Oct 3, 2014
By Rich Keller
The Renewable Fuel Standard (RFS) jumped up as a hot topic around the nation again last week as 33 state governors asked the Obama administration to increase the blending mandates for biodiesel and ethanol from sources not previously receiving much attention.
This was happening at the same time as U.S. ethanol prices hit four-year lows and profits were sharply lower than the excellent earnings being obtained for most of 2014. The Wall Street Journal reported ethanol futures dropped 28 percent last month due to falling domestic demand, and U.S. ethanol producers are holding the largest inventories they’ve had for more than a year.
Illinois Gov. Pat Quinn (D) and Iowa Gov. Terry Branstad, the leaders of the Governors’ Biofuels Coalition told the administration on behalf of the coalition that the Environmental Protection Agency’s expected downward adjustment of the RFS is unacceptable, and if anything the volumes of renewable fuels should be increased, not lowered.
The EPA proposed last year to lower the ethanol that refiners have to blend into their petroleum-based fuels in 2014 and keep the biodiesel level at the same as 2013, which would use less than the industry actually produced. The storm around this proposal seems to have slowed the agency from acting because no mandate has been issued in 2014.
The governors want to make sure that the mandate doesn’t all of a sudden find the light of day, especially as ethanol from corn is in such a financial bind. Corn prices that are lower than last year could go lower as ethanol facilities are reportedly cutting production in response to weaker profit margins.
The governors also noted that the proposed cuts in the RFS, even before any final action, have curtailed investment in biodiesel and cellulosic ethanol, and this has hurt rural economies relying on industries associated with biofuels production.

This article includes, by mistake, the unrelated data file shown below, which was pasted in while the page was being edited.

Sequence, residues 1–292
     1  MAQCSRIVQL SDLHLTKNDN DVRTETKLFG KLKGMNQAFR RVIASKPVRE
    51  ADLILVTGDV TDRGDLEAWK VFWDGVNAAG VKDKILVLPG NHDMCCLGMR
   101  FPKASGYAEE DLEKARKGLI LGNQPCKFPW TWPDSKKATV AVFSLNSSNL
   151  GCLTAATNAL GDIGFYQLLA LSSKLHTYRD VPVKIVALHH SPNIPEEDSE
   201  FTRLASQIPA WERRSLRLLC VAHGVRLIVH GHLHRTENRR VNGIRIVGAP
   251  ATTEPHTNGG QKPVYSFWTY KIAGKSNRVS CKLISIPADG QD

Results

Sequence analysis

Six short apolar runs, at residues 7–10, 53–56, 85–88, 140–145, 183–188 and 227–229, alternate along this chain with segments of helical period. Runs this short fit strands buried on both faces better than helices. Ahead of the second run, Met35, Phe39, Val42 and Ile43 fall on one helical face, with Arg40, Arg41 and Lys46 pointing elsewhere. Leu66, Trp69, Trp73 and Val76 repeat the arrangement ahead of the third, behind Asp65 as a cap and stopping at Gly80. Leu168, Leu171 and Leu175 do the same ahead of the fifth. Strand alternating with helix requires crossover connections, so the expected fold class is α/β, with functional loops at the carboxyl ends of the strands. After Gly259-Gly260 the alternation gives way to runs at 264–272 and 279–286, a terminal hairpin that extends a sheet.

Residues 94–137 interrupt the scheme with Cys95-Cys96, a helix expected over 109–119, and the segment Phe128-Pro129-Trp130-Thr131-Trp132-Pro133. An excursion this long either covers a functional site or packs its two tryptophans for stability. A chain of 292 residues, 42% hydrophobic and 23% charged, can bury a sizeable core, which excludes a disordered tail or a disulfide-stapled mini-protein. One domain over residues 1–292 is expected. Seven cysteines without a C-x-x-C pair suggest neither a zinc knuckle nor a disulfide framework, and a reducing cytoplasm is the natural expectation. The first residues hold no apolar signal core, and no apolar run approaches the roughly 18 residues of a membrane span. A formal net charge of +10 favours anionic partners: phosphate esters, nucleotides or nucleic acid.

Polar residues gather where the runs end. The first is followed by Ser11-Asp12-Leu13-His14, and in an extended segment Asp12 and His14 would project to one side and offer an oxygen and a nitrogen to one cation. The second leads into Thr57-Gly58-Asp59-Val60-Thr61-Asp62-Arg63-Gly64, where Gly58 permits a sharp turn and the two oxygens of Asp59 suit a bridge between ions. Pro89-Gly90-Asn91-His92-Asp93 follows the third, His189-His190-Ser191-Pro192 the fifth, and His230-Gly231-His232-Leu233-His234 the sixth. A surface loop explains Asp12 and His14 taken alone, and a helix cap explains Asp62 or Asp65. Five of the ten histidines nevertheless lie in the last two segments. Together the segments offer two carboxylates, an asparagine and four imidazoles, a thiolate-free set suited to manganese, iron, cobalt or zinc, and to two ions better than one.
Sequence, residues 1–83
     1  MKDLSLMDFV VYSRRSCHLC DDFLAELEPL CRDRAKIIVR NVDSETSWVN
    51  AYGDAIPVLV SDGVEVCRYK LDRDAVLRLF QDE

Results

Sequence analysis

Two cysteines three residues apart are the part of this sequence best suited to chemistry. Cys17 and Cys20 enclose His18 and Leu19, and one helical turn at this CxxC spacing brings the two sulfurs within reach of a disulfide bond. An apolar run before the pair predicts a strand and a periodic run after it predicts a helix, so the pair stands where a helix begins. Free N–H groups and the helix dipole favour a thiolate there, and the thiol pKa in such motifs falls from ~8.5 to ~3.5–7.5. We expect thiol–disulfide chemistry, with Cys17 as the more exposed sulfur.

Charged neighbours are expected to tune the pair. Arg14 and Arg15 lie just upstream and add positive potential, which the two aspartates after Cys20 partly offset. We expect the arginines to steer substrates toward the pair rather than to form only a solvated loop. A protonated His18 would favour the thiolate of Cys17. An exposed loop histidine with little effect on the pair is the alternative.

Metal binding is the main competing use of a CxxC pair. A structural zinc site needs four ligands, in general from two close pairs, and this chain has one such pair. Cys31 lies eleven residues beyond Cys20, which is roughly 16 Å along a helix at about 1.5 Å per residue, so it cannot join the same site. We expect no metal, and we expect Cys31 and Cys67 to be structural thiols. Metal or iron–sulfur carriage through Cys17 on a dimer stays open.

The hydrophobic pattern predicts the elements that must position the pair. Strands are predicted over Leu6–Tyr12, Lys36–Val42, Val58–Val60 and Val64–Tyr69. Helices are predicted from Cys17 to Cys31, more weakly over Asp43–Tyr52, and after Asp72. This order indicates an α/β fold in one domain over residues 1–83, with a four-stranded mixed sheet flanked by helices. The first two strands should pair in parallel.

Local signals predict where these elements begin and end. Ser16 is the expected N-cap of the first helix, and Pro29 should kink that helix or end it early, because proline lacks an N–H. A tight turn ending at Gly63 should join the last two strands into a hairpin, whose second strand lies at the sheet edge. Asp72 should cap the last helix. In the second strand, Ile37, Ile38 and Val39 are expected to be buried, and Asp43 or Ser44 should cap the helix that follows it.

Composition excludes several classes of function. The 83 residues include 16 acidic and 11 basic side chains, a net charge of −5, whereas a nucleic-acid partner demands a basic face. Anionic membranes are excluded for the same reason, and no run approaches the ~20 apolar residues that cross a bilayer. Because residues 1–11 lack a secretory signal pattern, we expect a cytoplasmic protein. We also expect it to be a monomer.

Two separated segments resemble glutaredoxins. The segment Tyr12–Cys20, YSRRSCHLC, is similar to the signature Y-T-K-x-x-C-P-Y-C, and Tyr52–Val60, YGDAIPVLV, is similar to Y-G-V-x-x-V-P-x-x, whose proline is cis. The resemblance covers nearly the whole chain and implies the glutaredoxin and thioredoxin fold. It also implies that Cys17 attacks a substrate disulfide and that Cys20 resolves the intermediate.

The governors are interested in more than corn-based ethanol production. The letter was sent to the White House Office of Management and Budget, which is known to be reviewing the EPA’s proposed volume cuts to the RFS.
The governors’ letter pointed out the potential for “advanced biofuels,” or those from waste products generated by our economy, could create thousands of jobs and further decrease the U.S. reliance on imported oil.
“However, the adoption of EPA’s proposed 2014 RFS volume requirements threatens to have a negative economic impact on the rural economy and on the biofuels industry, specifically on biodiesel and cellulosic ethanol,” the letter states.
Editorials in support of the governor’s stance and the biofuels industry again began showing up around rural America, as they did back in 2013 when the EPA made its proposed adjustment strategy. An editorial by Bartholomew McLeay, an Omaha, Neb., attorney practicing agriculture and energy sector law, appeared in The Kansas City Star. He noted, “The law is clear RFS is not to be reduced through 2022 unless it is shown to harm the economy or environment or there is an inadequate domestic supply. None of these conditions exist.”
He further suggests, “No farmer or ethanol producer will receive a single penny from taxpayers if RFS is unchanged.”
What McLeay brought back into the discussion what the Renewable Fuels Association and other organizations have pushed for—an increase in the limit of ethanol blended into fuel to 15 percent from the current “blend wall” of 10 percent. It is this blend wall that at times has meant a glut of ethanol and large volumes of ethanol being exported that triggered the EPA to propose lowering of the RFS.
“There would be no blend wall or RFS reduction if E15 was not suppressed by certain Big Oil interests,” McLeay contends.
“E15 is acceptable in 75 percent of cars, trucks and SUVs on the road. Numerous studies have found no ‘meaningful differences between E15 and E10 in any performance category. NASCAR uses E15 on ‘every lap.’”
The controversy hasn’t ended but only seems to be firing up again.
Read the original story here : Biofuels RFS Jumps Up As A Hot Topic Again